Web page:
It was on one of Roger Deakin's daily swims, in his moat at Walnut Tree Farm, that the master plan behind 'Waterlog' was hatched - to explore the ancient tradition of wild swimming on an aquatic peregrination through the bays, beaches, rivers, brooks, lidos and pools of Great Britain.
Inspired in part by John Cheever's "The Swimmer" and his own son's adventures overseas, Deakin explores the British Isles at water level. His journey takes him from glacial tarns of the Welsh highlands, seemingly bottomless and home to legend and myth; to the abandoned university swimming holes, haunted by tales of students who once swam there; from the Victorian Lido's in their fading glory, struggling to make ends meet; all the way to Britain's beach desert of Dungeness.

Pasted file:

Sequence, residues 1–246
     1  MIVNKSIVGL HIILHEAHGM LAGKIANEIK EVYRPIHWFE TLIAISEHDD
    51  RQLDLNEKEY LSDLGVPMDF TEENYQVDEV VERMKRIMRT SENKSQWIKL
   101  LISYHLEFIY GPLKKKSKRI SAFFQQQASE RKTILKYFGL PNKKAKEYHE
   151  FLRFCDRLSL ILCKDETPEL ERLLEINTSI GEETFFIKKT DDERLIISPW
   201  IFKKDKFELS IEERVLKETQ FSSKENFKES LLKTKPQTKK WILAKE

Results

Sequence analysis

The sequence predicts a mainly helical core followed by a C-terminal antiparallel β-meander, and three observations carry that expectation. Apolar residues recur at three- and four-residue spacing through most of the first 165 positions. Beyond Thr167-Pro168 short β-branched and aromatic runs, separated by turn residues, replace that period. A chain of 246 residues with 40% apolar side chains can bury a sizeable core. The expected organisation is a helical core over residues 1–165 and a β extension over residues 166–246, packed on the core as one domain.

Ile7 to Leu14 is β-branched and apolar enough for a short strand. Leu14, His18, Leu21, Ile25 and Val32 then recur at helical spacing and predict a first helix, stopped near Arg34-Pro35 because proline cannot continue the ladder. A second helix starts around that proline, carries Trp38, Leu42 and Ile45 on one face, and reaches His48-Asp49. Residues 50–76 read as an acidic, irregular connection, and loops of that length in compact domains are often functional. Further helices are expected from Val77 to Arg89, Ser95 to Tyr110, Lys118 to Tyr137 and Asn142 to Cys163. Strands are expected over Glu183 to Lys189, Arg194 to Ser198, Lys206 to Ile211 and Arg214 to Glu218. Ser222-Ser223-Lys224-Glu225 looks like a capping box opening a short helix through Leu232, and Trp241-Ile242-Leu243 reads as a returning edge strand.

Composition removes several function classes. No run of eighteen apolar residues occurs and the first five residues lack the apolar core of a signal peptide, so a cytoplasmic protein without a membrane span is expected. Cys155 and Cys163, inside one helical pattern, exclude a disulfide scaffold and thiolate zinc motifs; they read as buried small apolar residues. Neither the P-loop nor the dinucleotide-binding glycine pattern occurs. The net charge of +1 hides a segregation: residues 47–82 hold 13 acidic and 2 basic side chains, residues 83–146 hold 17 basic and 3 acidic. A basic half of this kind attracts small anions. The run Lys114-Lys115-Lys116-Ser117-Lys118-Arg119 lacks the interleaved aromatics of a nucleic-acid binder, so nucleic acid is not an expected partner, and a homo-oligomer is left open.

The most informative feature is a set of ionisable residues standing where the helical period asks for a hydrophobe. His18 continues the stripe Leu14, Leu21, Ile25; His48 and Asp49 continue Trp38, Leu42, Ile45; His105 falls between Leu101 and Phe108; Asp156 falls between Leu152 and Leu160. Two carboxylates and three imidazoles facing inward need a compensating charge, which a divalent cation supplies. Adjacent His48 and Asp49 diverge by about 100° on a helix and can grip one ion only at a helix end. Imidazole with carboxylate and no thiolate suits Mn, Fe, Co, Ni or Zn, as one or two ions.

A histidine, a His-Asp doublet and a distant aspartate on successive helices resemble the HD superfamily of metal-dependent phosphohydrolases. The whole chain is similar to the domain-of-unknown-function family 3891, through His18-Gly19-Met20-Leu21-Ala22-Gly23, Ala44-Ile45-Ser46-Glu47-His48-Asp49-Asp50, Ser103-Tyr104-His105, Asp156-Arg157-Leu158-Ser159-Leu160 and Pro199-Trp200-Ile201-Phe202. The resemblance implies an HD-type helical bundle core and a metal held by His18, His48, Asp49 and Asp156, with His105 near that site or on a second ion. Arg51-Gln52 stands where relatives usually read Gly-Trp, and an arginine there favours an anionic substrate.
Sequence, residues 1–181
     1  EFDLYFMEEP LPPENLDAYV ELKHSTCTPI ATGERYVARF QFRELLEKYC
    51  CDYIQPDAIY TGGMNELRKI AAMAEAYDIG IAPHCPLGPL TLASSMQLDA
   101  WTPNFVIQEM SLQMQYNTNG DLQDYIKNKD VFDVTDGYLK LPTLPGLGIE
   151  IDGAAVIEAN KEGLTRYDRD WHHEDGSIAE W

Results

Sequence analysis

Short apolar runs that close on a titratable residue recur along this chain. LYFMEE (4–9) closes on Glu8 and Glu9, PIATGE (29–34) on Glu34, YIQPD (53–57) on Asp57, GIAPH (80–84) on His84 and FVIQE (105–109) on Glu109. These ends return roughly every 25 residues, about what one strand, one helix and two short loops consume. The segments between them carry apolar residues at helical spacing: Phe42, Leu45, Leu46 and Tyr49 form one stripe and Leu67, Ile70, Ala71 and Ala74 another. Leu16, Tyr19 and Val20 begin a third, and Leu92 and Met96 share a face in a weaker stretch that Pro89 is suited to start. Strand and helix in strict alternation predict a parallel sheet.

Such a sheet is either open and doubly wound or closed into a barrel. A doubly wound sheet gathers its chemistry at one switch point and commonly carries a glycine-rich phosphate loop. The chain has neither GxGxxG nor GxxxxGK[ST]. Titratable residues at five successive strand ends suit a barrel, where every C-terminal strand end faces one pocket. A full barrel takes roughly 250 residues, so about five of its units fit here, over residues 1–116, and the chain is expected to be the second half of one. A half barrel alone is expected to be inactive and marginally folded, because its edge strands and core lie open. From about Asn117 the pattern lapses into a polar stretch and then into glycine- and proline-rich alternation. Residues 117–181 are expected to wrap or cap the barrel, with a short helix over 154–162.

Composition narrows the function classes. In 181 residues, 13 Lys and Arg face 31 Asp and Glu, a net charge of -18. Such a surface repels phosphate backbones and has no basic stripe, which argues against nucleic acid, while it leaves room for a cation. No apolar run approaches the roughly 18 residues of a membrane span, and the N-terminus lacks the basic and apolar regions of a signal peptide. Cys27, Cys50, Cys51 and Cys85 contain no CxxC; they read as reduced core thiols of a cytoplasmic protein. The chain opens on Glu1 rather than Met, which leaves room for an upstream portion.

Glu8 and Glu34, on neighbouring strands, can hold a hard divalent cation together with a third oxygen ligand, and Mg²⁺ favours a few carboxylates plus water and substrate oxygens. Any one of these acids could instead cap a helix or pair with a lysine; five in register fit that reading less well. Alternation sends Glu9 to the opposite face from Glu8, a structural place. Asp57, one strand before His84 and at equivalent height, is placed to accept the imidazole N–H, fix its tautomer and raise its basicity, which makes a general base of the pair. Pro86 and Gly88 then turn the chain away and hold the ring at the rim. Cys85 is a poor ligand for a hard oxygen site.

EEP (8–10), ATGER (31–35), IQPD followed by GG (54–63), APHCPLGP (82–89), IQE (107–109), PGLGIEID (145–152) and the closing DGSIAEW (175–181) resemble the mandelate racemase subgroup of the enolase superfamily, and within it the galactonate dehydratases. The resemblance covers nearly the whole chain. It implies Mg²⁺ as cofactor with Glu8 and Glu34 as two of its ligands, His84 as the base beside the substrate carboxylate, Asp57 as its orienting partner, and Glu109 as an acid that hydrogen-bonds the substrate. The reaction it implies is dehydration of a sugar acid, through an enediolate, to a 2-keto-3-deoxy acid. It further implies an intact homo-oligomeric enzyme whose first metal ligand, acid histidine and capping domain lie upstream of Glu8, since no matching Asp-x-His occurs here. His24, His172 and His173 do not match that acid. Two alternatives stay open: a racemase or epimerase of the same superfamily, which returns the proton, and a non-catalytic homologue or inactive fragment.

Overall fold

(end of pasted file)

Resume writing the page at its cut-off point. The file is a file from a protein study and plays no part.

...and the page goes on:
While Deakin wore many hats, I feel he can be truly crowned king of the nature writers. He weaves history, culture, science, anthropology and natural history into each beautiful, dreamlike narrative, making it impossible not follow in the wake of his swimming tale. This book is so charming, poetic, romantic and moving you long to be standing on the banks, shouting encouragement, ready to leap into action with a towel and a thermos of Bovril upon his emergence.
Sadly Waterlog was the only book Deakin completed in his lifetime, although two more have been published posthumously. I have already bought Waterlog for a number of friends and since I finished it I have swum every weekend in homage to Deakin, and in celebration of the romance and nostalgia of wild swimming.